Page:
To celebrate National Learn to Swim Day on May 19, we have put together a guide on the best way to teach your kids to swim at home. In addition to avoiding the expense of swim classes, teaching your kids at home gives you an excuse to take advantage of your recent pool remodel and may entice you to keep your pool surfaces extra clean. By instilling water safety, following a schedule, and using fun games, your kids will develop a genuine love for the water and be swimming in no time.
Having your kids around water can be a nerve-racking experience. The good news is that babies are born with a natural affinity for water. When your kids are around water be mindful of your reaction as acting scared can instill a fear of water in them. Reinforce this love for water by allowing your kids to play in the tub during bath time. Once you feel your kids are ready, head out to the pool.
Start With Floaties
Find the right floatation device that makes you feel comfortable and your child feel confident. If you are having trouble deciding, this Paddle Jumper is a U.S. Coast Guard-approved life jacket.
Set Ground Rules
By making rules for in and around the pool you can keep safety top of mind. Teach your kids that they must ask permission before entering the pool and that an adult must be in eye-sight when in the pool. Set rules that they must always wear their floaties when in the water and that horseplay or running on the deck is not allowed.
Hold Their Breath
Next, you’ll need to teach your child to hold their breath without plugging their nose. Teach by example and put your mouth and nose underwater then start blowing bubbles. You will sound like a motorboat and your kids will likely follow suit. If your child happens to breathe in while attempting this, help teach them by using a birthday candle reference. Pretend your finger is a birthday candle and have them pretend to blow it out. Then bring this technique underwater. Once they’ve mastered blowing bubbles, gradually decrease bubble blowing and increase just holding their breath.
This part may be a little intimidating, but it’s very important. Let your child know that you are going to fully submerge them, count to three, then quickly dunk them and bring them back up to the pool surface. Prepare for your child to be scared and mitigate their fear by ensuring them they will be just fine. When your child comes up gagging or coughing after the first couple of dunks, resist the urge to show concern and instead praise them.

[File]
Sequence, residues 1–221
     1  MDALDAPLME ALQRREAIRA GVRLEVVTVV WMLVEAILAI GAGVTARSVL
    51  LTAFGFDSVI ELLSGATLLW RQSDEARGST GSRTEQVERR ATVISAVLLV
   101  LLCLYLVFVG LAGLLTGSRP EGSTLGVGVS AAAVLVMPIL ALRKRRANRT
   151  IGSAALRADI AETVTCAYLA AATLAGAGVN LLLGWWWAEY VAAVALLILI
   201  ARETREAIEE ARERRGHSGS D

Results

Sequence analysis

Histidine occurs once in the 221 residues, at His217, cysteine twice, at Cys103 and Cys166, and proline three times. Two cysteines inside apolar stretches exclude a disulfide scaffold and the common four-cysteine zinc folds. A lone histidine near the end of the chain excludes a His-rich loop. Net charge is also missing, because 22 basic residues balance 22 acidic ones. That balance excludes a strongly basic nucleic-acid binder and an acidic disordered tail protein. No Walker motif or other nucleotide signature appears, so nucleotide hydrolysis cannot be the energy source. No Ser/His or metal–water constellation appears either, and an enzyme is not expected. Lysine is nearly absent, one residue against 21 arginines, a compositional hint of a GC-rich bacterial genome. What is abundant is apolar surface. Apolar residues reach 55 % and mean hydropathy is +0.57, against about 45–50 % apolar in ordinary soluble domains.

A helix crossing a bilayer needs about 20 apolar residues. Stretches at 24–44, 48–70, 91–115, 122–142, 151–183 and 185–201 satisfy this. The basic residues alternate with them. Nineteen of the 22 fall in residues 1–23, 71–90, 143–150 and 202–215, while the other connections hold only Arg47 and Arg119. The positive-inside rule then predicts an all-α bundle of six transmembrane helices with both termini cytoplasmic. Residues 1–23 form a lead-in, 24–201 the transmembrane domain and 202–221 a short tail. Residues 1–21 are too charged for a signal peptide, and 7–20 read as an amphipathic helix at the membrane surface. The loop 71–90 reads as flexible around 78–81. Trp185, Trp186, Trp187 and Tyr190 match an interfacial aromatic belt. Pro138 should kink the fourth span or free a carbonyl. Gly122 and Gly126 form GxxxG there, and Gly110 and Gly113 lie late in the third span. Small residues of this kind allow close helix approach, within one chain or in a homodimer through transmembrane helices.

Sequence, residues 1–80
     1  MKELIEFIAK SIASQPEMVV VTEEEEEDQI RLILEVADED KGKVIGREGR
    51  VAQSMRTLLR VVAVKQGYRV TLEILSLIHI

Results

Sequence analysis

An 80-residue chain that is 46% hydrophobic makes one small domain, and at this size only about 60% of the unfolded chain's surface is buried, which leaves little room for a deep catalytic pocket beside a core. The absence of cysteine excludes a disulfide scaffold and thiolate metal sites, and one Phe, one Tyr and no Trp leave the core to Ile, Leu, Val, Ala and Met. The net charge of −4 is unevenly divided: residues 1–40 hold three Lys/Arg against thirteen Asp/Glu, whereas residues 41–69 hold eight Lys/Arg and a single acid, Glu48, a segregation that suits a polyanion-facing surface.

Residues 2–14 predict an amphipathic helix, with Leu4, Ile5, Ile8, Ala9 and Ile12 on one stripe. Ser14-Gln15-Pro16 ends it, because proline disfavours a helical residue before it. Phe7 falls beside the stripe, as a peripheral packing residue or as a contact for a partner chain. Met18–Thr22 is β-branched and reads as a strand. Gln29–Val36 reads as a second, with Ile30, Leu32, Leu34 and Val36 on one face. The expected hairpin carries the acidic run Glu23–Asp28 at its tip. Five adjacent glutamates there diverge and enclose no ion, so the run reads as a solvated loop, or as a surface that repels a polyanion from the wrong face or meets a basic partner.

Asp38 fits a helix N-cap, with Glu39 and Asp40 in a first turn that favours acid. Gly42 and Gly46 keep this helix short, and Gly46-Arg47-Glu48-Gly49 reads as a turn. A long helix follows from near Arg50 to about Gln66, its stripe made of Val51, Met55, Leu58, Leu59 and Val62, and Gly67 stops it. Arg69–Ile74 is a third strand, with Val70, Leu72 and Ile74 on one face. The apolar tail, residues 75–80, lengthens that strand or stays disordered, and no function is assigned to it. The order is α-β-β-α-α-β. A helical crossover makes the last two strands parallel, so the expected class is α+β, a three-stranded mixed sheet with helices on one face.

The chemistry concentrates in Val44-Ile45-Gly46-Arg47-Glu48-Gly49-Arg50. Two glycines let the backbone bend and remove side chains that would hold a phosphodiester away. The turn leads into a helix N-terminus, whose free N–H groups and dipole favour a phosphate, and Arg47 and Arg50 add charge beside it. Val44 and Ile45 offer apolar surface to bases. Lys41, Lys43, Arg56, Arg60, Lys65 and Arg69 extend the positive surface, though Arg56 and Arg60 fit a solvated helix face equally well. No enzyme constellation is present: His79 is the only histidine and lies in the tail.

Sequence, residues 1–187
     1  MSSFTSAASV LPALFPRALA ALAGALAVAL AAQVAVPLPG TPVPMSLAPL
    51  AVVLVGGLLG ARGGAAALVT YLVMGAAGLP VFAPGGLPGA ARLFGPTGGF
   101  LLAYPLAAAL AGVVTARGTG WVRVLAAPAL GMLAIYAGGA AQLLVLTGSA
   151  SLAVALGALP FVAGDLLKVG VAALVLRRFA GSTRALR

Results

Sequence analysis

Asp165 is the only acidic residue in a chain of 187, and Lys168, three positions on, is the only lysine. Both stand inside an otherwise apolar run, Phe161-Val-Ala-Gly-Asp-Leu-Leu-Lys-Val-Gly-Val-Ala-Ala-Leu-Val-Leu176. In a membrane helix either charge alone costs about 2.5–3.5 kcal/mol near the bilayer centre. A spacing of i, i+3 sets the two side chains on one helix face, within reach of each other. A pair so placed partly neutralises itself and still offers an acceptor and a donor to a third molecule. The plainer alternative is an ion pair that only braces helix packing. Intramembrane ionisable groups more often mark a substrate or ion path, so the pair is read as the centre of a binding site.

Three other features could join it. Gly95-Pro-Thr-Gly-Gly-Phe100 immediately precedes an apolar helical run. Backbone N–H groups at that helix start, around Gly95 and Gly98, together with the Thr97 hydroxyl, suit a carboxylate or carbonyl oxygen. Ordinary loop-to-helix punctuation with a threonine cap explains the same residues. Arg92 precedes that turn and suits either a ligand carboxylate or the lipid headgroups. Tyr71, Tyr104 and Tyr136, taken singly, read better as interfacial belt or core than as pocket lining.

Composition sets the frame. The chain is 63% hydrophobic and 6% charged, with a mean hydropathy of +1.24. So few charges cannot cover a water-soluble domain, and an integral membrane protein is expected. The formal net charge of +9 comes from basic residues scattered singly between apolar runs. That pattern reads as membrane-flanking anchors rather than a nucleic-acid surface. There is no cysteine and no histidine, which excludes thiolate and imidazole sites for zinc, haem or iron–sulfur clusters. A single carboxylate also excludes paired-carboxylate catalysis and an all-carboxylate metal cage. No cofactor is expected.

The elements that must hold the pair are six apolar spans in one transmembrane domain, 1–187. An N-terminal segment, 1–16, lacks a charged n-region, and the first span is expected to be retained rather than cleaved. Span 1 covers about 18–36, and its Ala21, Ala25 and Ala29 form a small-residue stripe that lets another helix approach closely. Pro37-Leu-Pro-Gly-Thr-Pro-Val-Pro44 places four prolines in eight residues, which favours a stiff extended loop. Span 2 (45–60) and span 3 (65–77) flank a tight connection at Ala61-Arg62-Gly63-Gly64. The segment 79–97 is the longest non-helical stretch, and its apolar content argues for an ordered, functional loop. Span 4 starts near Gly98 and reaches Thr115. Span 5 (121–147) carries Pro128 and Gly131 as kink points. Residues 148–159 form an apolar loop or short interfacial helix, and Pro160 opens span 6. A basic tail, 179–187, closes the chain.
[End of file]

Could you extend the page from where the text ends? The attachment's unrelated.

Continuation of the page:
Get The Kicking Down
Start with your kids sitting on the side of the pool with their feet in the water. Have them practice kicking and making big splashes. Next, have them enter the pool, hold on to the side, stretch their feet behind them, and practice kicking. Help guide them through appropriate kicking technique and strides. You want their legs as straight as possible with minimal splashing.
Add The Arms
Position your kids on the steps of the pool and have them practice the arm motions of swimming. Focus on how their hands move through the water and ensure they are completing full strokes.
Put It All Together
Bring your kids out into the middle of the pool and help them float on their stomach — with their head above water —by placing your hands under them to hold them up. Have them start kicking like they practiced then add in the arms. Walk with them as they move forward and keep your hand firmly on their stomach to keep them on the surface of the water. As they get more comfortable with the process, gradually remove your hands but keep walking with them in case they need help or get scared.
Create a Schedule
Keep sessions short to ensure your child is engaged the whole time. In the beginning, focus the entire session on learning to hold their breath and dunking. Once those two pieces are mastered, the sessions can transition to short segments of kicking, arm motions, and full swimming practice.
Like everything in life, practice makes perfect. Daily sessions or multiple sessions broken up throughout the day will help build swimming skills more quickly. Find what works best for your schedule and plan out the days and times of each session.
Make It Fun
Repeating the same drills every session could get boring and cause kids to lose focus. Incorporate fun games that can aid in the teaching process. You can also add additional pool toys like noodles and rafts to the mix and use those instead of the side of the pool for kicking practice.
Teaching your kids to swim at home can be a rewarding experience for everyone. Stick to a schedule and your kids will be swimming like fish in no time! If you’re reluctant to teach your kids to swim in your current pool because it is damaged or in need of a pool remodel, Pebble Technology International® can help. Find the perfect pebble pool surface for your outdoor space by using the PebbleTec Water Color Tool, and the best part is you can get your kids input by choosing the water color they want.